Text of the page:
Email of the day - on adjusting charts for purchasing power parity
Comment of the Day

May 15 2020

Commentary by Eoin Treacy

Email of the day - on adjusting charts for purchasing power parity

Thanks again for the very useful audios and comment of the days. Is there a way in the chart library to compare various commodities and/or stocks to purchasing power parity like you did for gold today? If so could you please advise how. Thanks in advance.

Eoin Treacy's view

Thank you for this question which comes up from time to time. It is possible to adjust any US dollar denominated asset for purchasing power parity by multiplying it by the PPP Index. Here is a link to a video I created a couple of years ago illustrating how to do it. 

The purchasing power parity charts for the S&P500 and for gold are particularly interesting right now.

In the chart library, the calculation tends to have a mismatch between instruments that are updated daily and monthly. Bloomberg tends to have a similar issue.

That’s particularly relevant when looking at the low on the S&P500 Purchasing Power Parity chart’s lows in March. On a daily chart it gets down below 300 which represents the upper side of the underlying trading range. On a weekly chart it gets nowhere near that level.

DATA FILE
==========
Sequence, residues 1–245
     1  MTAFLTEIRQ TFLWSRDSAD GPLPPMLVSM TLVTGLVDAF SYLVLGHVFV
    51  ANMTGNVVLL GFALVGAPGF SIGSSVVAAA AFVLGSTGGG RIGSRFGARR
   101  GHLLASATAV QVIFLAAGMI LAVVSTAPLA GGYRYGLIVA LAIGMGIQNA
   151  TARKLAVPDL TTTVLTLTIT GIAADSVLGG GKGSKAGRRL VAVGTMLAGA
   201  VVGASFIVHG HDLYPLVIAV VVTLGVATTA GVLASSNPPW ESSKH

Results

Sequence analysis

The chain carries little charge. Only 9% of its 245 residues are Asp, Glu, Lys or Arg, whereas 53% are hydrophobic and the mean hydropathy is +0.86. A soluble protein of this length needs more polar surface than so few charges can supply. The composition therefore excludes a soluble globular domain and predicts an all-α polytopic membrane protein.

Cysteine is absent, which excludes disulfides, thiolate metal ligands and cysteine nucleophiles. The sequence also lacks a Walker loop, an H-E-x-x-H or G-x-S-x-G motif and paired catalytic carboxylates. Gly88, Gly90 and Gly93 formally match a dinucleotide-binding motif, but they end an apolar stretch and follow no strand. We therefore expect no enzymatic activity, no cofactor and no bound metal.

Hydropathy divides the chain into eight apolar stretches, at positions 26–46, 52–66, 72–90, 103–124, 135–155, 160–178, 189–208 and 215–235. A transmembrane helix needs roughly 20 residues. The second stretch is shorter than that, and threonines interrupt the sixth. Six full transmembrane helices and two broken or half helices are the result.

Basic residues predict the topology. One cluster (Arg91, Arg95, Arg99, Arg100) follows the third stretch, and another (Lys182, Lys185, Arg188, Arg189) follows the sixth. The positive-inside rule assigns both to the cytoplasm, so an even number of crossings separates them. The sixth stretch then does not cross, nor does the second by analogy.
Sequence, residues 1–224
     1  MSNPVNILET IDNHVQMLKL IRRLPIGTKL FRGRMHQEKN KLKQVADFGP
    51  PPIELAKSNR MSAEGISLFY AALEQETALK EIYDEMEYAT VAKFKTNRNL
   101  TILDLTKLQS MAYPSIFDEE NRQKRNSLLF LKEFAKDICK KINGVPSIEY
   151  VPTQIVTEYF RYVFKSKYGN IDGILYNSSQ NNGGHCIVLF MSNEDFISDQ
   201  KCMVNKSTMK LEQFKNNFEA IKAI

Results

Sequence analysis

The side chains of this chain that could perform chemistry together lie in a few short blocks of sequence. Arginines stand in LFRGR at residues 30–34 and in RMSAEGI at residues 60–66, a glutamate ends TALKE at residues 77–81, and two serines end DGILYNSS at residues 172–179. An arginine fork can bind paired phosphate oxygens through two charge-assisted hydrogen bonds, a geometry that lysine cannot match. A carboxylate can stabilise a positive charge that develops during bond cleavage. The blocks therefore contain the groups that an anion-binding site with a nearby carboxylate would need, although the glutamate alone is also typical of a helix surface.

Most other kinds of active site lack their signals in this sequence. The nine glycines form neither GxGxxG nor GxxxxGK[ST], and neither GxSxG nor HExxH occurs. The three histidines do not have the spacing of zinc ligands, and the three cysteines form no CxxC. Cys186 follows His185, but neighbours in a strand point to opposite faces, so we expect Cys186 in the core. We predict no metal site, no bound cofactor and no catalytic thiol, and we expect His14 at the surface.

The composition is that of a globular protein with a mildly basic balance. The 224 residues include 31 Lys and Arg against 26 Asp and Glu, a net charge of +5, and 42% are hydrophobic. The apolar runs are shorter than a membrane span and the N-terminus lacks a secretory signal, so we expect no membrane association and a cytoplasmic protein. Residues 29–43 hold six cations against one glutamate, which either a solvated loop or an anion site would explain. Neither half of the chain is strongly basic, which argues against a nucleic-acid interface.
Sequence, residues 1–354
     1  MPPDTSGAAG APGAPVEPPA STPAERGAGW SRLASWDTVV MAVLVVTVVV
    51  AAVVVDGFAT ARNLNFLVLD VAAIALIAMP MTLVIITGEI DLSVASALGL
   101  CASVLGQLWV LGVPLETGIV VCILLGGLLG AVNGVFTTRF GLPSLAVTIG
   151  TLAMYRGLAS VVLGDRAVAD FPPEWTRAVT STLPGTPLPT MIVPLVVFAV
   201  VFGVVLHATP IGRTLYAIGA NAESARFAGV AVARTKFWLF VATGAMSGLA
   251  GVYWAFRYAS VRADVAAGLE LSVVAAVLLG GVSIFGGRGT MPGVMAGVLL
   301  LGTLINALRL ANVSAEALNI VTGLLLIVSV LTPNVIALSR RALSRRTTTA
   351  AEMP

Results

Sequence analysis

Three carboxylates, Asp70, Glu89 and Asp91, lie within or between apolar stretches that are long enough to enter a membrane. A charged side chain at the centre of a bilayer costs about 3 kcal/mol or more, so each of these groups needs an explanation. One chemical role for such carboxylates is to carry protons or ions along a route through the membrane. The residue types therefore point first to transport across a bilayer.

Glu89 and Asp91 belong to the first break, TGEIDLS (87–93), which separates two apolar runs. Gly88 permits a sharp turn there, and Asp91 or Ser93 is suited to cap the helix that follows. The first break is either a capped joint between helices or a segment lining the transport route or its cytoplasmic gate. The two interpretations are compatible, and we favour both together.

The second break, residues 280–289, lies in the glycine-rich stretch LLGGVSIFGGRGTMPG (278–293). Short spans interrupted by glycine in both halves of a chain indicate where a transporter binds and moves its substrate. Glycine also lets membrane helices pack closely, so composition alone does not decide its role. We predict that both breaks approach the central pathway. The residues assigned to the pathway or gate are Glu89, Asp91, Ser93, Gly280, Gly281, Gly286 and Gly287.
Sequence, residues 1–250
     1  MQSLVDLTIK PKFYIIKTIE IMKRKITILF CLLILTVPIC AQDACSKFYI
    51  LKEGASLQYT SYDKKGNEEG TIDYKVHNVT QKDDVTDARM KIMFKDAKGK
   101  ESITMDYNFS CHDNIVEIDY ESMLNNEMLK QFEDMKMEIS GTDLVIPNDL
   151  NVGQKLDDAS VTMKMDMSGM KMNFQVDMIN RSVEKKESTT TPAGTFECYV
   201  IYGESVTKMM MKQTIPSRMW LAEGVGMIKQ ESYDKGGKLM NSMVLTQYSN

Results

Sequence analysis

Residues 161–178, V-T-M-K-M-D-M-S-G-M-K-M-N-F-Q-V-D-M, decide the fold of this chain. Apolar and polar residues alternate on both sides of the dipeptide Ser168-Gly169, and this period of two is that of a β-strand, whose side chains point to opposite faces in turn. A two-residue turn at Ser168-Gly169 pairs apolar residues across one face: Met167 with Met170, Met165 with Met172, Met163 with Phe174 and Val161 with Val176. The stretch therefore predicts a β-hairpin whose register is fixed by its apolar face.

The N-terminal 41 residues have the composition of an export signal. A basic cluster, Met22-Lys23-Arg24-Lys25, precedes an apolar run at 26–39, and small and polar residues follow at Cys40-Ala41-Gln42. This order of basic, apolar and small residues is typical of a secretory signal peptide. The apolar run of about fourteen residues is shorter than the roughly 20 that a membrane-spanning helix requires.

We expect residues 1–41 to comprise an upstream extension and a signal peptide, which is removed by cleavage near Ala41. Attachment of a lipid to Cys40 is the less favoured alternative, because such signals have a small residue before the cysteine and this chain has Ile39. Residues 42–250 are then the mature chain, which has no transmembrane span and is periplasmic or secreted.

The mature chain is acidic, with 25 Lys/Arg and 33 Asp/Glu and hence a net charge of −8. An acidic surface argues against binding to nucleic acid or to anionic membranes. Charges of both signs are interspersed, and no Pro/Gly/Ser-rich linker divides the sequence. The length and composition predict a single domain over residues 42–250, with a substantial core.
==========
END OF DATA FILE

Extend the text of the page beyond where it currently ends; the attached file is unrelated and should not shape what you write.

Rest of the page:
The conclusion remains the same however, the upper side of the underlying trading represents a significant source of support for the market when viewed from the perspective of an investor where the value of currency has been falling persistently for decades.

In absolute terms, the upper side of the underlying range is closer to 1600 which is considerably below the March low.

During gold’s bull market up to the peak in 2011, it got back to test the purchasing power parity adjusted peak from 1980. Following a deep correction, it is rallying back towards the peaks and it is reasonable to expect fresh highs to be both posted and sustained during this precious metals’ bull market.

That is also likely to coincide with the price of gold in US Dollars making new all-time highs in just the same way that it is breaking out against other currencies.

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